If you are not in Denver, it was my experience that the best sources for evaluation/treatment were private groups specializing in autism and/or Fragile X. Although my child is not autistic, the treatment methods they used were great at dealing with some of her "quirks". It took me a while to get used to the fact that the same people also treat autism. It helped to know that they also treat kids with ADD and behavior problems. Today, I don't care so much because my daughter is doing so well and her "quirks" are completely gone. I truly attribute it to the treatment she received.

Good luck with this. I'd be happy to share more information if you're interested.

J.

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M.L.

answers from Fort Collins on

Have you looked into Asberger's syndrome? I don't know that much about it and I'm not sure I spelled it right, but you described all the tell tale signs that I have heard listed.

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C.M.

answers from Phoenix on

Hi C.,
First off, I don't mean to alarm you, but I have a 2.5 yr old son that has similar sensory issues (toe walking, hand flaping, ect.). He was diagnosed at 22 months with autism and Sensory Processing Disorder (SPD). Has your Pediatrician ever suggested having him evaluated? I would have him evaluated-just to make sure. I know through my experiance that there are several children who have SPD, and get help through Occupational Therapy-it's worked wonders for my son.
Again, the last thing I want to do is scare you, but it's worth the piece of mind to have him evaluated. And if he does have any type of disorder, it's best to get him early intervention. Good luck to you and your family :)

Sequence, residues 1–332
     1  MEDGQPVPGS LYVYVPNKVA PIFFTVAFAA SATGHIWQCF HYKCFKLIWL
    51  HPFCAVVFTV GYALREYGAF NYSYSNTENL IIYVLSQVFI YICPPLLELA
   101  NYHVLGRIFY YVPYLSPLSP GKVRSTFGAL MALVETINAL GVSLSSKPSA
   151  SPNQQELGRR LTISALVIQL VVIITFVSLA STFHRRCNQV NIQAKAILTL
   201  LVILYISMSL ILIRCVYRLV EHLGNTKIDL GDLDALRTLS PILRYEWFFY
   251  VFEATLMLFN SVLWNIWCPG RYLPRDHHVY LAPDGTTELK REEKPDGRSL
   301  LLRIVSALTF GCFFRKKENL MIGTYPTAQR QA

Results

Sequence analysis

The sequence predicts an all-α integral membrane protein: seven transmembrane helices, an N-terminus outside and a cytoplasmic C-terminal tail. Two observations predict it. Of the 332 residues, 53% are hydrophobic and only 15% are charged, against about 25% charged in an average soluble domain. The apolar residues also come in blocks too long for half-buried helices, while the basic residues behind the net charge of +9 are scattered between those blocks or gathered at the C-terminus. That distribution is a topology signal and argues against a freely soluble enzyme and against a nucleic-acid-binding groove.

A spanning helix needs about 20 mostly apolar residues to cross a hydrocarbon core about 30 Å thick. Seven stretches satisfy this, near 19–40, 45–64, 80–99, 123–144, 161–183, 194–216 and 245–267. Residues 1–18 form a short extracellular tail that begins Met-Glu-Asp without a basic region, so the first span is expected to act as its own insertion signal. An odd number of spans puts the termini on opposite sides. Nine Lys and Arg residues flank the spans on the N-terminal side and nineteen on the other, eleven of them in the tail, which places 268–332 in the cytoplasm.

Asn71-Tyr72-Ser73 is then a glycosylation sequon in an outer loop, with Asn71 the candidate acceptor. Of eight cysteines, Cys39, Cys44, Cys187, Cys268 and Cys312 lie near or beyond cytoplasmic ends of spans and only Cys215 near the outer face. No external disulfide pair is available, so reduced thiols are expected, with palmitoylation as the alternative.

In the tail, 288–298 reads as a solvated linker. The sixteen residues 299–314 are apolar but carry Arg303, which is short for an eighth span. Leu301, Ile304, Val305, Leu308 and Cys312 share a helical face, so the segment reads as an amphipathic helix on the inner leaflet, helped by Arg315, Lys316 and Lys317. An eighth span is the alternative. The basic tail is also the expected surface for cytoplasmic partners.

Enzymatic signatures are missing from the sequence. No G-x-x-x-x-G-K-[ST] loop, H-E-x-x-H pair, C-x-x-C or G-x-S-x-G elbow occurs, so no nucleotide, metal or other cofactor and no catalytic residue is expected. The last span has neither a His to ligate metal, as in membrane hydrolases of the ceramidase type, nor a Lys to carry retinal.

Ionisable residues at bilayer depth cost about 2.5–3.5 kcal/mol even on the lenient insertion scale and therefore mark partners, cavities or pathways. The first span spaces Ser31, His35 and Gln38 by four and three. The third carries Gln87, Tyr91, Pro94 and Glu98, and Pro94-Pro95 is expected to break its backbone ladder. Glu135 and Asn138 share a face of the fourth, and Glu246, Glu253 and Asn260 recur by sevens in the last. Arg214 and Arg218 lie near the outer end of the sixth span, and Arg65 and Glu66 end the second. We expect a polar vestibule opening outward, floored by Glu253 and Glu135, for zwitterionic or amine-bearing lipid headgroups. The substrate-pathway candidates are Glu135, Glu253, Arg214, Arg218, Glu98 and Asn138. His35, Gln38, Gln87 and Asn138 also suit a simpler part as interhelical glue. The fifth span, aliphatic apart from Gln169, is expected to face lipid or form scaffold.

C.

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A.R.

answers from Las Vegas on

I'm not an expert, but I had some concerns about my own son when he was younger, and your son's behaviors such as the hand flapping (known as "stimming") and repeating things (echolalia) and such sound like symptoms of autism. I would recommend checking out www.autismspeaks.org and also talking to your pediatrician and getting an evaluation by experts in the county school system. I hope this doesn't alarm you, but it's best to know right away so you can get your son the therapy that would help him. If he is on the autism spectrum, I'd recommend the Applied Behavioral Approach (ABA) method during the day. I'm happy to say that I had concerns about my son and had him enrolled in the ABA program, but now he's 4 1/2 and doesn't need it anymore. I hope the same situation will happen to you.

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I.W.

answers from Phoenix on